10 THINGS YOU SHOULD KNOW ABOUT REFUGEE RESETTLEMENT POLICY

We wish to acknowledge Ann Corcoran of Refugee Resettlement Watch for her contributions to the compilation of this list and for her ongoing efforts to inform the public on this important issue.

The U.S. takes more than twice as many refugees as all countries from the rest of the industrialized world combined. Since 1975, the U.S. has resettled over 3 million refugees, with annual admissions figures ranging from a high of 207,000 in 1980 to a low of 27,110 in 2002 (in the aftermath of 911) .

The U.N. is effectively dictating much of U.S. immigration policy. In recent years up to 95% of the refugees coming to the U.S. were referred by the UN High Commissioner for Refugees (UNHCR) or were the relatives of UN-picked refugees. The US State Department then supposedly screens these refugees. Until the late 90’s the U.S. picked the large majority of refugees for resettlement in the U.S.

Upon entry, a network of private, agencies known as VOLAGs (VOLuntary AGencies) select the communities where refugees will be resettled and live. Refugee resettlement contractors (many with religious affiliation) are paid per refugee with our tax dollars to bring refugees to our towns.

Resettlement contractors are responsible for securing welfare services for refugees, including taxpayer-subsidized housing, health care, food stamps and other cash assistance; and for making sure the children are enrolled in our local schools.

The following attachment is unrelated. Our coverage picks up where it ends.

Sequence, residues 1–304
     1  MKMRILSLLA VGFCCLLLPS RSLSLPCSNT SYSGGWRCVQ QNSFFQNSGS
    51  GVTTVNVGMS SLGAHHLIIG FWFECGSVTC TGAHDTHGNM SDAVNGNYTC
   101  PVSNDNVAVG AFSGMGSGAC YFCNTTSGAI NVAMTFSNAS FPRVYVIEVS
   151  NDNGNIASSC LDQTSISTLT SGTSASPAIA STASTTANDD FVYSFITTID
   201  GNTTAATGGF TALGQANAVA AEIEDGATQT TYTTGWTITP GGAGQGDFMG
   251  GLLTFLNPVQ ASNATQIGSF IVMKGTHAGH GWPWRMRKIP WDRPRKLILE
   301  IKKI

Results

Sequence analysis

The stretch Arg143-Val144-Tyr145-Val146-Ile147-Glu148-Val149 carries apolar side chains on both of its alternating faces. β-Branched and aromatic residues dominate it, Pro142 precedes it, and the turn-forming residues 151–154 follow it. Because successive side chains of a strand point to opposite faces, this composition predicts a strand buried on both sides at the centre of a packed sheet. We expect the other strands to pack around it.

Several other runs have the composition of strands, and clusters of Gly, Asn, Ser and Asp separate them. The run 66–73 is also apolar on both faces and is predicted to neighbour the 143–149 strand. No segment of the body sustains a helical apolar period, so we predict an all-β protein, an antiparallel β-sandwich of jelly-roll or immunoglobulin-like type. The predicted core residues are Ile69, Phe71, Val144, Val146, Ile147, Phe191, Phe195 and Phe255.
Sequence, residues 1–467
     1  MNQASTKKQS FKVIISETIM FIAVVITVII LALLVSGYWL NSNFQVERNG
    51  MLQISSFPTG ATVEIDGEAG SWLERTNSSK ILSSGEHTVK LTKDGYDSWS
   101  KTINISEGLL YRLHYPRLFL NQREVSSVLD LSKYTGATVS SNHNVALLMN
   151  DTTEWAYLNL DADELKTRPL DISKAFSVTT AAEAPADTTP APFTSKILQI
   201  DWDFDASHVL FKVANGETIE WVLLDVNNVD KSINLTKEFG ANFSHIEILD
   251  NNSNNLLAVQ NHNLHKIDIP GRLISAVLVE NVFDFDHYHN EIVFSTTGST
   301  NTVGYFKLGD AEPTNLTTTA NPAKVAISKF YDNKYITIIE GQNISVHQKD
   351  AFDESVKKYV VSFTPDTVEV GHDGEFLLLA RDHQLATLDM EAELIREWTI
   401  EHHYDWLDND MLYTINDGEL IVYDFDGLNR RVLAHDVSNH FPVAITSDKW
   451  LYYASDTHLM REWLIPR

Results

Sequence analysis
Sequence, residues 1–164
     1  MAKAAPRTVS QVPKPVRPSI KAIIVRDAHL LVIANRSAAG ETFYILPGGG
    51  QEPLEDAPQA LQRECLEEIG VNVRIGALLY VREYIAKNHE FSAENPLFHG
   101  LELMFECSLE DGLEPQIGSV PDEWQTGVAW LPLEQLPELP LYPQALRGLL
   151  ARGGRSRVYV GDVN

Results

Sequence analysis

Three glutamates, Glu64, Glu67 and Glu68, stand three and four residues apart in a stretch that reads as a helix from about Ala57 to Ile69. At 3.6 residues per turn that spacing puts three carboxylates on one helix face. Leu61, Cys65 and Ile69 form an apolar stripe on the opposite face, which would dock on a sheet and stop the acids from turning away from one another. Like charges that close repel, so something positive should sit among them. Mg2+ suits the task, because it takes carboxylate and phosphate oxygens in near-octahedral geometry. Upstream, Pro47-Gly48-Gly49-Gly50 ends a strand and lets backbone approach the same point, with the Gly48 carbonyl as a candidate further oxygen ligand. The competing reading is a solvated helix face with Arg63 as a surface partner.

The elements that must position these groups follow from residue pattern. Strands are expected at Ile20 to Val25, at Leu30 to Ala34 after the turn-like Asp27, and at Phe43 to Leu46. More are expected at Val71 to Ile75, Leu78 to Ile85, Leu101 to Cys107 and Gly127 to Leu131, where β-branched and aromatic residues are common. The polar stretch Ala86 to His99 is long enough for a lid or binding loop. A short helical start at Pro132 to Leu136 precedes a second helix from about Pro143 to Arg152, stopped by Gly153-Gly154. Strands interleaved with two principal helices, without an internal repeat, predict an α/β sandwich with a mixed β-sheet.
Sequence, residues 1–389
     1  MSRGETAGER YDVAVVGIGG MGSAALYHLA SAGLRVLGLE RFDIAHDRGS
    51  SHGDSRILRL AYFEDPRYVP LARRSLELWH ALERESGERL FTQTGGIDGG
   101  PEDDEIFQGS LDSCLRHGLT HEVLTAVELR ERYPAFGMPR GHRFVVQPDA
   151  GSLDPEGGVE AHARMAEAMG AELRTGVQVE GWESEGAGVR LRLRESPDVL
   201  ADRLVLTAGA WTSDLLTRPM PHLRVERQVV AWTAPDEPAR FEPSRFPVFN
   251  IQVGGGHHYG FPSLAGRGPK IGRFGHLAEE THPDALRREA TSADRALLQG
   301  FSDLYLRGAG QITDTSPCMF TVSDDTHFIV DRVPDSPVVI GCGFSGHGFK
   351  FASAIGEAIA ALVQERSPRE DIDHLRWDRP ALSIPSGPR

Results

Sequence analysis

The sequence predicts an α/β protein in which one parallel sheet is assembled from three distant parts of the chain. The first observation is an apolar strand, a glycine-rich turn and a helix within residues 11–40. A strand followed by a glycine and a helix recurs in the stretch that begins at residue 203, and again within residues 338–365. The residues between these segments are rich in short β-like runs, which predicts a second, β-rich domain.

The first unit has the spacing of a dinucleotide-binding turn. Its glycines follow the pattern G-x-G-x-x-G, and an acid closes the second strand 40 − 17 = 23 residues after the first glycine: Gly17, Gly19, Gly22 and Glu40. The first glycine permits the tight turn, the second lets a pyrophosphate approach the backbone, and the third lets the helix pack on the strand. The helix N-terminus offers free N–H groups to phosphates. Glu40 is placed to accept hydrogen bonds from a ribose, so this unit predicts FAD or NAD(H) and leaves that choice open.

The federal government funds 90% or more of initial refugee resettlement activities through federal grants paid either directly to resettlement contractors or to state agencies for refugee resettlement through which the same grants pass to the same resettlement contractors.

Congress, for the most part, has failed to supervise, question or reform the refugee selection, screening or resettlement process. No recommendations of past Congressional investigations have been implemented.

Assimilation is no longer a goal for any agency involved in refugee resettlement – government or private contractor. The term “assimilation” is no longer a part of government lexicon and has been exclusively replaced with the concept of “integration” with a clear intent of maintaining the ethnic identity of the refugees. An additional goal of the current program is teaching refugees how to “navigate” the system, i.e., how to make sure they get all the benefits for which they are qualified.

Refugee “self-sufficiency” is an important measure of success and a basis for assigning refugees to agencies in future contracts. The definition of “self-sufficiency” has been steadily defined downward and today is virtually meaningless. Refugees and asylum seekers are eligible for ALL federal, state and local welfare programs 30 days after arrival. A refugee can be considered “self-sufficient” while using SNAP and Medicaid.

Refugees are not tested for communicable diseases, such as tuberculosis and HIV. Tuberculosis among the foreign-born now accounts for about half of the cases in America.

Medium size towns, such as Bowling Green, KY, Nashville, TN, Ft. Wayne, IN, Boise, ID, Manchester, NH, Roanoke and Harrisonburg, VA are serving as main reception centers for the refugee program.

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